Frank Matich, one of Australia's finest drivers and engineers, has died in Sydney, aged 80.
In the mid-1960s Tasman Series in Australia and New Zealand, Matich was consistently the best of the local drivers, challenging and sometimes beating grand prix racing's finest.
His 1965 duel with Jim Clark at Lakeside, which saw the two men go wheel-to-wheel for nearly 50 laps, is written large in the sport's pre-Formula 1 history in Australia.
As well, he ranked second only to Sir Jack Brabham as Australia's finest designer/constructor/driver.
In 2013, Matich was named by AUTOSPORT as one of the best 50 drivers never to have raced in Formula 1.
As a teenager Matich trained not as an engineer but as a mechanic, and started racing in hillclimbs, in an MG TC, in the 1950s.
In the following years he raced whenever he could afford to do so, always taking as much interest in the development of his cars as he did in driving him.
By the mid-1960s he had become the country's pre-eminent racing driver and was fighting with the likes of Clark, Brabham and Graham Hill in the annual Tasman Series.
So obvious was the speed he showed that he was offered F1 seats by three team owners; Brabham (in the seat that went to Denny Hulme), Rob Walker and Colin Chapman.
One can only wonder what he might have done in Europe in a Lotus, but at the same time, the pragmatic engineering skills he possessed may not have worked with the famously minimalist Chapman.
In the end though, Matich chose to stay, as he put it, "a big croc in a small puddle".
He turned down the offers to race overseas, staying faithful to a long-term sponsorship deal with Total Oils, which applied only to events in Australia and NZ.
There was also a family to be considered; by the time he was 30, Matich had married to Joan and was the father of three (and eventually, four).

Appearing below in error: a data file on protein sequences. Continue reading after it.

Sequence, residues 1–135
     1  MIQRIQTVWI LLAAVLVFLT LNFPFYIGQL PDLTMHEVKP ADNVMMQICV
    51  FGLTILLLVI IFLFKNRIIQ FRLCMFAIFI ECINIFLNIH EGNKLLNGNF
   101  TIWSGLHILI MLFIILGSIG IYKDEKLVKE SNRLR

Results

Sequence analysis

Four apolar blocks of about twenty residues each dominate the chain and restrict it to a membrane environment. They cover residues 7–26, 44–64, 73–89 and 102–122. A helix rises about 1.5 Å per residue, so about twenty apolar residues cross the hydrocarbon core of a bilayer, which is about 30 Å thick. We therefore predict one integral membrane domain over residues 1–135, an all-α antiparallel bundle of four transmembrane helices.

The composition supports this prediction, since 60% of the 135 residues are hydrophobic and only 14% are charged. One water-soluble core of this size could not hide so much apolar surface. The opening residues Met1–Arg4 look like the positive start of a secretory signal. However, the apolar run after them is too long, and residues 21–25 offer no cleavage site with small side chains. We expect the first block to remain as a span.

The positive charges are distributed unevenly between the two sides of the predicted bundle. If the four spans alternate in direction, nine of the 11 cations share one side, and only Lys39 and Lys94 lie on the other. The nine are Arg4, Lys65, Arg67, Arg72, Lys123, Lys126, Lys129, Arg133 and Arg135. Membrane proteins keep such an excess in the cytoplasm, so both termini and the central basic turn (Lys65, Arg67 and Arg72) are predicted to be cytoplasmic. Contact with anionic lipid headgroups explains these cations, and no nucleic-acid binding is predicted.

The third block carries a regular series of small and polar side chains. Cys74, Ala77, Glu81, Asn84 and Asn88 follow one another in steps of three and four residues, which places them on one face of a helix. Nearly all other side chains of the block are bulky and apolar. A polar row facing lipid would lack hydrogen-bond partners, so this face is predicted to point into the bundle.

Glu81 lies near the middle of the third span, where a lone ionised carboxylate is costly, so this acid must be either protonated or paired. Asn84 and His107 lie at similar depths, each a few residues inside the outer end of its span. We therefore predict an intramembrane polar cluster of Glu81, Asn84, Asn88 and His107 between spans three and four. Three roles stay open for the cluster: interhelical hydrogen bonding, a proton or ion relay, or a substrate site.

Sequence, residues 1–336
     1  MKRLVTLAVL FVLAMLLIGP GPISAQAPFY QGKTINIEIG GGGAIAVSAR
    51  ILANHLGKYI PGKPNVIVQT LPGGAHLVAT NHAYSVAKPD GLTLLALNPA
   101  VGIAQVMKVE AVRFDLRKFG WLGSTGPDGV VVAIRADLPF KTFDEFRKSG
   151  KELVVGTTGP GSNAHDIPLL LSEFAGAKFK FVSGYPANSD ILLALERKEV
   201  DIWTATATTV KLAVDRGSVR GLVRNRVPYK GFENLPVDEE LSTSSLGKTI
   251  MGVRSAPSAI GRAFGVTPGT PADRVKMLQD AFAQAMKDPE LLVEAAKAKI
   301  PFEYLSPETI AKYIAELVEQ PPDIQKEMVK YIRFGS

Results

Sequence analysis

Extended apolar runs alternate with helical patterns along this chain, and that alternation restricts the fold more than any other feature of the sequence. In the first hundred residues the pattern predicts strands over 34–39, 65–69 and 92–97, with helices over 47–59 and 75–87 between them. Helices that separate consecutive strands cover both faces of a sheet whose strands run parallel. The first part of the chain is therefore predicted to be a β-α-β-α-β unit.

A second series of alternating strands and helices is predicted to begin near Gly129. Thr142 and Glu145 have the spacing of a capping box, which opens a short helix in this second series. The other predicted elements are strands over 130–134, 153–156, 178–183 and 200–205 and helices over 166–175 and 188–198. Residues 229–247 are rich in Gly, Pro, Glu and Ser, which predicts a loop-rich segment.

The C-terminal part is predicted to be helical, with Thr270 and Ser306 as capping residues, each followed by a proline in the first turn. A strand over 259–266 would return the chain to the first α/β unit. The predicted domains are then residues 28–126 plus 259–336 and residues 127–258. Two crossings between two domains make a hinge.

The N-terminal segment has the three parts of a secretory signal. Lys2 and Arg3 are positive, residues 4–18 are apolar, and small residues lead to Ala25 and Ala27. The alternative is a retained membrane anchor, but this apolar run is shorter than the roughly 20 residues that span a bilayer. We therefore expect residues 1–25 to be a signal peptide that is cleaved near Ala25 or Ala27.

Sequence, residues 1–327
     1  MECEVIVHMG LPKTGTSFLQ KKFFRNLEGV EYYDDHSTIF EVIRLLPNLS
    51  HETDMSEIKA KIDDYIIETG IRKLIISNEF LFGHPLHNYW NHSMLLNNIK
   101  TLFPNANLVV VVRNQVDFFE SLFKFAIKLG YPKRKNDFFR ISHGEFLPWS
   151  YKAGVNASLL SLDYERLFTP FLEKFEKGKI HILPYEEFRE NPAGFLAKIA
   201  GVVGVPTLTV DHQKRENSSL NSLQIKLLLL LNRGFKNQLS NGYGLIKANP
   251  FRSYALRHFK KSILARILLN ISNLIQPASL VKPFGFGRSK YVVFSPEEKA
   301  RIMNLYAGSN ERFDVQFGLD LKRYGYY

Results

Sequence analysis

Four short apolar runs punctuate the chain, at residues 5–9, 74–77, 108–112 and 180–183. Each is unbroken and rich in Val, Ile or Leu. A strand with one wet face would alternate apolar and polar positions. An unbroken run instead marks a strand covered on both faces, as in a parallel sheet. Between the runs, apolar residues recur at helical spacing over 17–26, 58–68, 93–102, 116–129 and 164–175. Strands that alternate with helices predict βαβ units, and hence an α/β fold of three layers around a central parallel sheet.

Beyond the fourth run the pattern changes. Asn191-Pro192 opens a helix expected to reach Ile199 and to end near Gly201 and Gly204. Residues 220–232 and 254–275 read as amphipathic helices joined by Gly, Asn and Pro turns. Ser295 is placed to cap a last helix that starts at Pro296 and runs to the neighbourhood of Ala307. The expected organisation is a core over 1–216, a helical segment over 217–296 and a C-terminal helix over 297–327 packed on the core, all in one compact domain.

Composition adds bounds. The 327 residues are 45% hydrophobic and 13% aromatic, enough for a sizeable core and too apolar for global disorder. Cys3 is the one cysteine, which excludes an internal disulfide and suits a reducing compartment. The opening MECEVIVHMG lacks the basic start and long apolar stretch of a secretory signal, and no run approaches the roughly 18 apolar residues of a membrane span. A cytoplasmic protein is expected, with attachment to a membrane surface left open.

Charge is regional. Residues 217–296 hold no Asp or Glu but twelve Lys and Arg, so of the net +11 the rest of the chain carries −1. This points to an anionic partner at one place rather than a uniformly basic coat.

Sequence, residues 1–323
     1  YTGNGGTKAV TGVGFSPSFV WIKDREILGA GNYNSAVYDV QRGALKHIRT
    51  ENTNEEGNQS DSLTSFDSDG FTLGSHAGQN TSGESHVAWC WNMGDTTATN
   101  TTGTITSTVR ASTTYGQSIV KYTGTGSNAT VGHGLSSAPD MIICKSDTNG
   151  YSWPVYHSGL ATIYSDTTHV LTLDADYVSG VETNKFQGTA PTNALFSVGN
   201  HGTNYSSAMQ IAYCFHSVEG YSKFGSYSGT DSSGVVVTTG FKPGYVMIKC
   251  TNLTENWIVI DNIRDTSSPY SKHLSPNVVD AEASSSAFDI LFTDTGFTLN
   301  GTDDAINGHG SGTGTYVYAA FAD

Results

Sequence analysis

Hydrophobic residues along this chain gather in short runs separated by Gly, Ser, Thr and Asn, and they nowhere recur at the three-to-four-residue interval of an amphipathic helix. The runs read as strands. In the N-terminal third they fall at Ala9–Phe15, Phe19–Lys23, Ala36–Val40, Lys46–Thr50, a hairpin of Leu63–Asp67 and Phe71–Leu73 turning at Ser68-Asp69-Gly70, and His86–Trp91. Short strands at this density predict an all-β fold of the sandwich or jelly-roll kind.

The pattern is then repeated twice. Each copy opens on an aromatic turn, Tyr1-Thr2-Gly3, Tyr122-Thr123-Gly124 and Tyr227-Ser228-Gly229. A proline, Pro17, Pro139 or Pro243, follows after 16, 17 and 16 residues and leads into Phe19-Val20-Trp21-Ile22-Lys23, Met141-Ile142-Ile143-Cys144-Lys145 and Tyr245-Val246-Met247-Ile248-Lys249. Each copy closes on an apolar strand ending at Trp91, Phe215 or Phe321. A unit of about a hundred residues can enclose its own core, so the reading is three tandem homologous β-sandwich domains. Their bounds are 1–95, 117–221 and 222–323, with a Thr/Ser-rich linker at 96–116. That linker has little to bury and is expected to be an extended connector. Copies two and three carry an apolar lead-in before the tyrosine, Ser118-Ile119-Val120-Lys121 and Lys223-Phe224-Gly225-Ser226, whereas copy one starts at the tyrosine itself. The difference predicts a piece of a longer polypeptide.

Sportscar racing was popular in Australia and Matich turned his mind to that, but dissatisfied with racing second-hand cars - he said he was unable to afford to buy new models - he set down to build his own.
The results were the famed Matich SR3 and SR4 designs, cars so fast that they relegated every other sportscar in the country obsolete.
With virtually no competition, Matich turned to the USA - just as McLaren's Can Am monsters became behemoths.
His five-litre, Repco-engined SR4 was fast, but not in the same league as McLaren's seven-litre cars, and he returned home somewhat vanquished.
In the late 1960s, Formula 5000 came to Australia. Matich had enjoyed a close friendship with Bruce McLaren and sourced a series of McLaren M10s, and his small team developed them, in league with the factory, into winners.
His Repco V8-powered M10B won down under and then proved more than a match for the best cars in the USA when he ventured back there in 1971.
Matich won the L&M Series opener at Riverside and after finishing second a week later at Laguna Seca was actually leading the championship.
As planned, though, he returned to Sydney without competing in any more US events, keen to complete the first bespoke Matich F5000, the A50, in which he would go on to dominate local racing.
In cars of his own design, Matich won the non-championship Australian and New Zealand Grands Prix, and finally triumphed in the Australian Drivers' Championship in 1972.
Sponsor Repco withdrew from racing in 1974 and Matich decided to hang up his helmet.
He continued as Australian agent for Goodyear racing tyres and Bell helmets, while the engineering business he had established to build his cars diversified into areas such as composite construction and solar energy.
Matich was predeceased by his wife Joan and is survived by his four children Kris, Kim, Katrina and Lee.